Experimental phage therapy against haematogenous multi-drug resistant Staphylococcus aureus pneumonia in mice
Oduor, Joseph M. Ochieng’
MetadataShow full item record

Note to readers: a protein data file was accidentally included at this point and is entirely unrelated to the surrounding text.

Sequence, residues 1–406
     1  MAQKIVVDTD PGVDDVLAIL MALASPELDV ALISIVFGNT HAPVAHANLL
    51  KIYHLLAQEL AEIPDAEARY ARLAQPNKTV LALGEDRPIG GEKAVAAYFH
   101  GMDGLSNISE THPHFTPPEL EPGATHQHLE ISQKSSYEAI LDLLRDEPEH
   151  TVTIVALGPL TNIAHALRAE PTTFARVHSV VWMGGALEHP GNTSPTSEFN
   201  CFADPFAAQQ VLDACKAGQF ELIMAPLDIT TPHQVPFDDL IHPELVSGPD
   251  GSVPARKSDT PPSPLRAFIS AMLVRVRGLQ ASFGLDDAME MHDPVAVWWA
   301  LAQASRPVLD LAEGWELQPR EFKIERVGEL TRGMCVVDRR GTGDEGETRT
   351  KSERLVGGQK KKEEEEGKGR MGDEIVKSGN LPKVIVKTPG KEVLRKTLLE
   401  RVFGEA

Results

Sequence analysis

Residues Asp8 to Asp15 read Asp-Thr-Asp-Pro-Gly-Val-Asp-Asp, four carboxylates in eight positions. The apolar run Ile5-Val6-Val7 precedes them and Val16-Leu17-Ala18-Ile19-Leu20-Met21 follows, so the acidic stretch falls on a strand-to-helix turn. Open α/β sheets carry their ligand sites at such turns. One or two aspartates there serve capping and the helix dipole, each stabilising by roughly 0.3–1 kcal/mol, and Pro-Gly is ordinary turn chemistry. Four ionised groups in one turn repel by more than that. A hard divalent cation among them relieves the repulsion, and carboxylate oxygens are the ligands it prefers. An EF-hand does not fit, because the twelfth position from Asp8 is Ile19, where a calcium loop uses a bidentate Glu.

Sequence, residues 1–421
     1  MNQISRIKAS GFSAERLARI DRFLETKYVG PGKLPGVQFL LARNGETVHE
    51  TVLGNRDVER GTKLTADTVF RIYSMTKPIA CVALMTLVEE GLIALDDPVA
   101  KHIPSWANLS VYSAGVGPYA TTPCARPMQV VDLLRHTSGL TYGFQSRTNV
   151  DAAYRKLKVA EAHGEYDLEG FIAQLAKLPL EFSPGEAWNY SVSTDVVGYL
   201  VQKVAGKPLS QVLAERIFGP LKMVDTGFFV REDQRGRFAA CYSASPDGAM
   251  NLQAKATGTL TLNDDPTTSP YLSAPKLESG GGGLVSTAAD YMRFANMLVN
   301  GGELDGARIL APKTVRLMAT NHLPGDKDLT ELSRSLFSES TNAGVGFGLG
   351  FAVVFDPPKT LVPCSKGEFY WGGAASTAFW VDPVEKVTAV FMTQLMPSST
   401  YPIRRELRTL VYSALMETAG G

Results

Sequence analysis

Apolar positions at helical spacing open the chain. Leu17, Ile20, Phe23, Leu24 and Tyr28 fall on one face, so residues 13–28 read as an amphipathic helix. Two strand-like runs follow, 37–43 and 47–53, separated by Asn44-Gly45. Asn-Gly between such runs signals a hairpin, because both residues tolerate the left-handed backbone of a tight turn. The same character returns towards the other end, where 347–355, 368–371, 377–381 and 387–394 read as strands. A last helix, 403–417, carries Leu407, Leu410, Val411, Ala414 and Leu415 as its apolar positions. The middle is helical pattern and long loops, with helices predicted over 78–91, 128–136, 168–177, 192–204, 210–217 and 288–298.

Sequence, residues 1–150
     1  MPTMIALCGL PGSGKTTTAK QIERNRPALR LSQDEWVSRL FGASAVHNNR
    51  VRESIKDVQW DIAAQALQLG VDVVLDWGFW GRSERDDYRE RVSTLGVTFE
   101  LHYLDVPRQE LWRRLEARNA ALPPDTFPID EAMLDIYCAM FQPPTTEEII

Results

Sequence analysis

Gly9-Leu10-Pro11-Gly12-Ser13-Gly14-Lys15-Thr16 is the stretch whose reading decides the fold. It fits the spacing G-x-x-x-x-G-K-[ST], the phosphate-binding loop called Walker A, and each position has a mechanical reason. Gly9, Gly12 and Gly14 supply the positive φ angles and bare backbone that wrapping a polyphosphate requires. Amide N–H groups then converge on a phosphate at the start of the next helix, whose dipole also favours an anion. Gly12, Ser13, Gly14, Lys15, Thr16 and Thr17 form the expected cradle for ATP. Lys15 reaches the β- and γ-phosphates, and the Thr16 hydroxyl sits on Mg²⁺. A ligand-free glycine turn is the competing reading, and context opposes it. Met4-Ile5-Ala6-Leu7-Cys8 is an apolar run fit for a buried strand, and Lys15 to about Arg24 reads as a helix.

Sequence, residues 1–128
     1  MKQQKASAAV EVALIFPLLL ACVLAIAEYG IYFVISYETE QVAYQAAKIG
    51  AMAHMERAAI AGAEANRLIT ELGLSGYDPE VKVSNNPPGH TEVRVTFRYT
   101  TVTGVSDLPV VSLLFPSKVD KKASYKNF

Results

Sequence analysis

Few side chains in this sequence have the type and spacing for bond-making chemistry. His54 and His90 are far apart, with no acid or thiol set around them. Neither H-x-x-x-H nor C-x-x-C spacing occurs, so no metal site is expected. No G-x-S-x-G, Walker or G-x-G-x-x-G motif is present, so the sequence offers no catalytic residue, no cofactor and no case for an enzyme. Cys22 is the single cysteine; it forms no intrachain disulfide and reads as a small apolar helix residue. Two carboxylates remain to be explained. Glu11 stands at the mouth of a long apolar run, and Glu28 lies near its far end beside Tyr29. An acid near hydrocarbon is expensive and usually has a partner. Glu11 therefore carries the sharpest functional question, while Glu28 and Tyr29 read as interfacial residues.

Background: Community-acquired haematogenous Staphylococcus aureus pneumonia is a rare infection, though it can be acquired nosocomially. Currently, antibiotics used against S. aureus pneumonia have shown reduced efficacy. Thus, there is need for an alternative therapy against multidrug-resistant S. aureus (MDRSA) strains in the community. Objective: We sought to determine the efficacy of environmentally-obtained S. aureus lytic phage against haematogenous MDRSA pneumonia in mice. Methods: Phages and MDRSA were isolated from sewage samples collected within Nairobi County, Kenya. Isolated S. aureus bacteria were screened for resistance against ceftazidime, oxacillin, vancomycin, netilmicin, gentamicin, erythromycin, trimethroprim-sulfamethoxazole and cefuroxime. Thirty BALB/c mice aged six to eight weeks were randomly assigned into three groups: the MDRSA-infection group (n = 20), the phage-infection group (n = 5) and the non-infection group (n = 5). Mice were infected with either MDRSA or phage (108 CFU/mL) and treated after 72 hours with a single dose of clindamycin (8 mg/kg/bwt) or 108 PFU/mL of phage or a combination therapy (clindamycin and phage). The efficacy of phage, clindamycin or clindamycin with phage combination was determined using resolution of lung pathology and bacterial load in lung homogenates. Results: The viable MDRSA count was 0.5 ± 0.2 log10 CFU/gm in the phage-treated group, 4.4 ± 0.2 log10 CFU/gm in the clindamycin-treated group and 4.0 ± 0.2 log10 CFU/gm in the combination-treated group. The efficacy of phage therapy was significantly different from other therapeutic modes (p = 0 < 0.0001). Histology showed that the mice treated with phage did not develop pneumonia. Conclusion: Phage therapy is effective against haematogenous MDRSA infection. Thus, it can be explored as an alternative treatment method.